By not being afraid about traveling alone, you do not wait until you are old or rich to be able to start seeing the world. You do not wait for the right travel partner to come along. You do not wait until you have all the money to travel. Chances are more that by the time you have the money and company to travel, you might start experiencing those knee joint pains or muscle cramps during a strenuous hike you never noticed before. You steer clear of the expectations that come with traveling in groups. Just to know that you are in charge is a great feeling in itself. In fact, the world becomes your playground where you are free to decide where you want to play next. You can go just about anywhere, from the volcanoes of Italy, to the wonders of Peru. Nothing really limits you more than your own fears or doubts.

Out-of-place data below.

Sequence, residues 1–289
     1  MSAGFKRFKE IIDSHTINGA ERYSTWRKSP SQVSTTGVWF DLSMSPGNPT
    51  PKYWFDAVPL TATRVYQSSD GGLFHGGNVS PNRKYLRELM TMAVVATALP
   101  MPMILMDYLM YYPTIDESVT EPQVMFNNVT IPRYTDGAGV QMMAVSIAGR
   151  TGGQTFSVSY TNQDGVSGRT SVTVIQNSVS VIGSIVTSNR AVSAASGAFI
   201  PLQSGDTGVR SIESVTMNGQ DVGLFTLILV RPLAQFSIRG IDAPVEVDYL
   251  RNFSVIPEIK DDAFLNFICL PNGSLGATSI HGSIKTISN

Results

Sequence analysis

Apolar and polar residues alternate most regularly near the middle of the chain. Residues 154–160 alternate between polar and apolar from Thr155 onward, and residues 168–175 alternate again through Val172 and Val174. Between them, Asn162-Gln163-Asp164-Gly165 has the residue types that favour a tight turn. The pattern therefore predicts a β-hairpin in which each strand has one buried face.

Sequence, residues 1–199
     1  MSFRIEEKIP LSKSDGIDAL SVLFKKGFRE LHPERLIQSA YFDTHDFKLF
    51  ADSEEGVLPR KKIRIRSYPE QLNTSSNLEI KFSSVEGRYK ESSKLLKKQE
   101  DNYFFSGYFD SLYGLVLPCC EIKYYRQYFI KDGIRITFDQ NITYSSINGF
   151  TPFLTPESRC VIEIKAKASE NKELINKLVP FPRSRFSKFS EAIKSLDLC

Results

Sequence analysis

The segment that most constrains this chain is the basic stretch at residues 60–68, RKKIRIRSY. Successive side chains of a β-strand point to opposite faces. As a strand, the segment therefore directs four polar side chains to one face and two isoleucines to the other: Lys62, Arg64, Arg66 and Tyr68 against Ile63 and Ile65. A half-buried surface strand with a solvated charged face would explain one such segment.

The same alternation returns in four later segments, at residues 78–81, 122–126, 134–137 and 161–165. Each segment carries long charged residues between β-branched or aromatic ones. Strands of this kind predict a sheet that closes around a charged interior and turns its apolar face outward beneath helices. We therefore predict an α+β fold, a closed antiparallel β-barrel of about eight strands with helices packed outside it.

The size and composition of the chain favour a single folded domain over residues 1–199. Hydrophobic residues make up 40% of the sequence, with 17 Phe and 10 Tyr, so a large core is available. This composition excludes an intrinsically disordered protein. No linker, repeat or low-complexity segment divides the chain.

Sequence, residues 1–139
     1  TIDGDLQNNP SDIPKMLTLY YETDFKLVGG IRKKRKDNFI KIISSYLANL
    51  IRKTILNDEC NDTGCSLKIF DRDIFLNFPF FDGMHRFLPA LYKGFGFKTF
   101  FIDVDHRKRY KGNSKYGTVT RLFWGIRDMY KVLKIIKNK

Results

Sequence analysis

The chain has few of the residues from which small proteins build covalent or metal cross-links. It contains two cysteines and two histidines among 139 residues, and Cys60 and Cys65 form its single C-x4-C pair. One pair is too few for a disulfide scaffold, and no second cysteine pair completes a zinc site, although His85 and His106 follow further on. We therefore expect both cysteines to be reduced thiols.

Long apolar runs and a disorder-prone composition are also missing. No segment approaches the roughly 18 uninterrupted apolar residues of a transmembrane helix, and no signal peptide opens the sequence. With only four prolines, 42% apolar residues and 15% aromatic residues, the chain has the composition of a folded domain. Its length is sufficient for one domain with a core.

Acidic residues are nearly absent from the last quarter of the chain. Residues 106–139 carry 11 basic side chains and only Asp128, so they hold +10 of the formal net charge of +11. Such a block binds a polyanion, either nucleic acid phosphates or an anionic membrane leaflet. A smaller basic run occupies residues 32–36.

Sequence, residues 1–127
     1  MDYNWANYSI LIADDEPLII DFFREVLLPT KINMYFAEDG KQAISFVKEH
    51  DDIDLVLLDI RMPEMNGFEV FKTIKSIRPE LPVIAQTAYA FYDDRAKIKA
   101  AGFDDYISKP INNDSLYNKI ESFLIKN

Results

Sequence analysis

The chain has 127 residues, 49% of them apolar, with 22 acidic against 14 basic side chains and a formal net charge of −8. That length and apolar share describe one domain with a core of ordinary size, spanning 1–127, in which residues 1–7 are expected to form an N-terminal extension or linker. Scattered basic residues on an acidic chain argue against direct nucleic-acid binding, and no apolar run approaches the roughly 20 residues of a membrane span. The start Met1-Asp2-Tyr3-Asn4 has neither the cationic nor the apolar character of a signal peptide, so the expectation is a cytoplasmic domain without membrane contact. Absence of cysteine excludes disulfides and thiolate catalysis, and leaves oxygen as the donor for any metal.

Traveling alone for me has come with multiple blessings. It has helped me develop skills like travel writing and photography, and get in touch with my artistic side. I am more observant of my surroundings, the people, what they wear, how they talk, and how they behave in social settings. This has helped me in being creative in research as well. Solo traveling has brought me in touch with my creative side, just because I am spending more time with myself in an alien setting, rather than being in a group where I am more busy having fun with a bunch of people I am comfortable hanging out with.
5. Improving Social Skills